McGill researchers among the world’s most cited: Web of Science

News

Eleven McGill researchers included in select annual list of academics with worldwide reach and influence, as Canada ranks sixth among all nations
Published: 22Nov2019

In the world of research, one of the most meaningful measures of success is the number of times a paper has been cited by another researcher. Based on this yardstick, McGill researchers are among the most influential in the world, according to the respected research news website, Web of Science. The annual list identifies scientists and social scientists who produced multiple papers ranking in the top 1% by citations for their field and year of publication, demonstrating significant research influence among their peers.

In this year’s compilation 11 McGill researchers were included, many of whom were cited in fields beyond their original area of study. In all, over 6,000 researchers from around the world feature in the collection of names, including 23 Nobel Prize laureates. As a nation, Canada ranked sixth overall in the number of Highly Cited Researchers (HCR). The complete list of McGill HCRs is below:

Researcher

Field of study

Alan C. Evans

Neuroscience and Behavior

Amit Bar-Or

Cross-Field

Andrew Gonzalez

Environment and Ecology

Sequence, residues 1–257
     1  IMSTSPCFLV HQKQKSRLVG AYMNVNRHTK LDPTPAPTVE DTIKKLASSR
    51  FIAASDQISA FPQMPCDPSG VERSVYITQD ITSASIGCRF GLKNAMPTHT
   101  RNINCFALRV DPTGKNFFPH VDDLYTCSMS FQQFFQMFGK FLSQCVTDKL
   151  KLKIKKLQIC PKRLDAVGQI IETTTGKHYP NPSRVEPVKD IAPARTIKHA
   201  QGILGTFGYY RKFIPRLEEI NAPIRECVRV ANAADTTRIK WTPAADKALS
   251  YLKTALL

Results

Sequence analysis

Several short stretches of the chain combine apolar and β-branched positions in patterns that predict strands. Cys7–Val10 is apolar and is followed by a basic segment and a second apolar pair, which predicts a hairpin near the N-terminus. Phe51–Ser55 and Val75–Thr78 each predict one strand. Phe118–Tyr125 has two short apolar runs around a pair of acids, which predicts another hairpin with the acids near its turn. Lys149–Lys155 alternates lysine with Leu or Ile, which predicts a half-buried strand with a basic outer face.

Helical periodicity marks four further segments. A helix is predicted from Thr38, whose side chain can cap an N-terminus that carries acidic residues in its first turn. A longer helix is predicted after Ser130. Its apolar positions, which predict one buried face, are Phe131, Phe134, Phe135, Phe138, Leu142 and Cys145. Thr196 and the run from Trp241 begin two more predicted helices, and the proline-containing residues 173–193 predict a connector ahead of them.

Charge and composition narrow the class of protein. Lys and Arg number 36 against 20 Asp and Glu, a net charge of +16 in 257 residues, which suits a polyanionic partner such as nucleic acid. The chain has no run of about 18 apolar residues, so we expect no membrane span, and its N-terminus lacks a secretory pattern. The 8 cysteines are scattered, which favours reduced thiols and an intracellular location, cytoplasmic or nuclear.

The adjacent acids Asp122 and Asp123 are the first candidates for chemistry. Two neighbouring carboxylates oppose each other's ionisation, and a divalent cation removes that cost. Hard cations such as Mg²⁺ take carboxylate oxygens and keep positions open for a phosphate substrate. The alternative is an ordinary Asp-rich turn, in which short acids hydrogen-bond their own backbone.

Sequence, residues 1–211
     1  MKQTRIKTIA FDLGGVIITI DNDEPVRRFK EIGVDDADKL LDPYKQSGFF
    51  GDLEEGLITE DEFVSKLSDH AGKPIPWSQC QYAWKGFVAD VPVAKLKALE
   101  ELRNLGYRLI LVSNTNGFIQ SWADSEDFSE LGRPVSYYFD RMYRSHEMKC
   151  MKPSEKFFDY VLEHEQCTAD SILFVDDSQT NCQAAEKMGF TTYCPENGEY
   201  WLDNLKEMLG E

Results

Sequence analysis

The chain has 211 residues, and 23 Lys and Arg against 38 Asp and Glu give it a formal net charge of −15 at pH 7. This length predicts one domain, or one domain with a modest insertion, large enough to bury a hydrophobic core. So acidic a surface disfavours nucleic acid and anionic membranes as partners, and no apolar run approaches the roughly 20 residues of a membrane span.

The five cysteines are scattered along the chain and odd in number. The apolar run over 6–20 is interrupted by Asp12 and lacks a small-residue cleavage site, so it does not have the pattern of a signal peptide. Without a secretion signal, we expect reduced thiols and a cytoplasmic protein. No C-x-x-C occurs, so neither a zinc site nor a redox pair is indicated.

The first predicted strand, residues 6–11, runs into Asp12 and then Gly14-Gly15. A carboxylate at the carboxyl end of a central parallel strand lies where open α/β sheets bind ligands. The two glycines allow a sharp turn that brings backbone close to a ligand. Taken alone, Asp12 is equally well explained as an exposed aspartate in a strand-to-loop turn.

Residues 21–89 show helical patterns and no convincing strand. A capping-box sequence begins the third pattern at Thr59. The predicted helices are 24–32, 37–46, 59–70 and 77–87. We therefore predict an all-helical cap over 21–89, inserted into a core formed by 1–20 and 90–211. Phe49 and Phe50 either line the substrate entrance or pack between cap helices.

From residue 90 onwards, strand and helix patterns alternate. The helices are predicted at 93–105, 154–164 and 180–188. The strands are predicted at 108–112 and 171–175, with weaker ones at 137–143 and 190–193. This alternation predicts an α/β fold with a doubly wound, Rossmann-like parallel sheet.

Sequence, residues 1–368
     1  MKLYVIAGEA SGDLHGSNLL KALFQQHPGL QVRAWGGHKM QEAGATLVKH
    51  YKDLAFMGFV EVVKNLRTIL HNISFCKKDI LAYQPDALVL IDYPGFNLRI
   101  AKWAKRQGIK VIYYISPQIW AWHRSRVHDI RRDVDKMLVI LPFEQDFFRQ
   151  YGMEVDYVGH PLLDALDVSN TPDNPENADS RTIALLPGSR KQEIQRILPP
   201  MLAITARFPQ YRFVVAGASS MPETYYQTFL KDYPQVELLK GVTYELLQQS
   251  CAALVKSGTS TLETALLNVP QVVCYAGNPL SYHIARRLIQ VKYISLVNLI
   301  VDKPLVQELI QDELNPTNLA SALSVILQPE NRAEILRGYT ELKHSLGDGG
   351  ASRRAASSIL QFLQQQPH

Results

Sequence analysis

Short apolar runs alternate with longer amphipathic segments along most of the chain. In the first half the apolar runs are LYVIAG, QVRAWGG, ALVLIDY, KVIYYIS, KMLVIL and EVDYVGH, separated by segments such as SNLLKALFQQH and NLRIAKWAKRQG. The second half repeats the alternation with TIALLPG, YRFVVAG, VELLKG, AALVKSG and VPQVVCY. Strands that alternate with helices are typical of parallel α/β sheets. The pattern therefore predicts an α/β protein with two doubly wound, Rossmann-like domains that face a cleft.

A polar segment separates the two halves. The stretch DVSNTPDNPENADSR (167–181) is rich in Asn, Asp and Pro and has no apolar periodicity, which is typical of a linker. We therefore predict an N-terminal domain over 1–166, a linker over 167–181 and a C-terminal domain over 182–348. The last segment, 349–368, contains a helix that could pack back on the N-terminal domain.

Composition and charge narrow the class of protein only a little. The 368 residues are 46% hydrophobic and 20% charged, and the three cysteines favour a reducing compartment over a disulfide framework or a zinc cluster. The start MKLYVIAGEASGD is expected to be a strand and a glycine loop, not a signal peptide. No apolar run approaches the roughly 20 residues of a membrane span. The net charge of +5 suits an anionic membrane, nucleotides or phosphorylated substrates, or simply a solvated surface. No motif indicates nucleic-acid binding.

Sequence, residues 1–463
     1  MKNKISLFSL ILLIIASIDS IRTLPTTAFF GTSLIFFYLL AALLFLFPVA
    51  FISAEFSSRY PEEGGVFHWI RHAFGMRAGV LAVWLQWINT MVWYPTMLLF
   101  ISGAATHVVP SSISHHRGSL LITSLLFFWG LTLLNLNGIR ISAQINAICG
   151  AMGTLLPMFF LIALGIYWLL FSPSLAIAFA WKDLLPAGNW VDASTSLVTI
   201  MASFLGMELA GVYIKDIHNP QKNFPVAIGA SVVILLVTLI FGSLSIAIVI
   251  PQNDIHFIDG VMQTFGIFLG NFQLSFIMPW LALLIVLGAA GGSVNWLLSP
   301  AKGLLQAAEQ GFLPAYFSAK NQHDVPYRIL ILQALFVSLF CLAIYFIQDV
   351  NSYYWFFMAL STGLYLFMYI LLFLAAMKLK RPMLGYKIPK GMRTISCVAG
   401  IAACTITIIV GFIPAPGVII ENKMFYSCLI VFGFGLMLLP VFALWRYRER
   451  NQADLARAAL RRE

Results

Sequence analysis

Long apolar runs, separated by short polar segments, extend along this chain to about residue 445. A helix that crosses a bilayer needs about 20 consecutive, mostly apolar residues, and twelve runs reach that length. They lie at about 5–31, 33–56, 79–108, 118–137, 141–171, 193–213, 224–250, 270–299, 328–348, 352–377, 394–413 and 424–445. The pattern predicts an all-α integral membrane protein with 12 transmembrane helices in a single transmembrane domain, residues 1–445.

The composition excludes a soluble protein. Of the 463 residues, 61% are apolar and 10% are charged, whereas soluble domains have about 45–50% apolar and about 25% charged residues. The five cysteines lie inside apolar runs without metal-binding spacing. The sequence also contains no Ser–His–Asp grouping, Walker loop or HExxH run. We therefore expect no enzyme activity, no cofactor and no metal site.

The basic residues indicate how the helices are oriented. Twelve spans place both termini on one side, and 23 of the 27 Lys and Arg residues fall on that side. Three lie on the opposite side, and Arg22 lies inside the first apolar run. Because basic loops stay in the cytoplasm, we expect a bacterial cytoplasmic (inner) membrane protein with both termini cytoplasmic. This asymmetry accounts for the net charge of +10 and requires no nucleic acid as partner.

Andrew P. Hendry

Cross-Field

Jack P. Antel

Cross-Field

Jason F. Rowe

Space Science

Jianguo Xia

Biology and Biochemistry

Michael J. Meaney

Cross-Field

Nahum Sonenberg

Cross-Field

Ronald B. Postuma

Neuroscience and Behavior

Victoria M. Kaspi

Cross-Field

“This comprehensive and data-driven method of measuring research impact clearly validates the quality of our research community,’ said Dr. Martha Crago, Vice-Principal, Research & Innovation. “I commend our people who are among this group, for the intellectual vigour and creativity that they demonstrate to the world.”

The Web of Science is a major resource platform in academic circles, which encompasses 161 million records, indexes 34,000 journals, references 1.7 billion citations and has an archive of files dating back 118 years. As many as 20 million researchers make use of its services each year.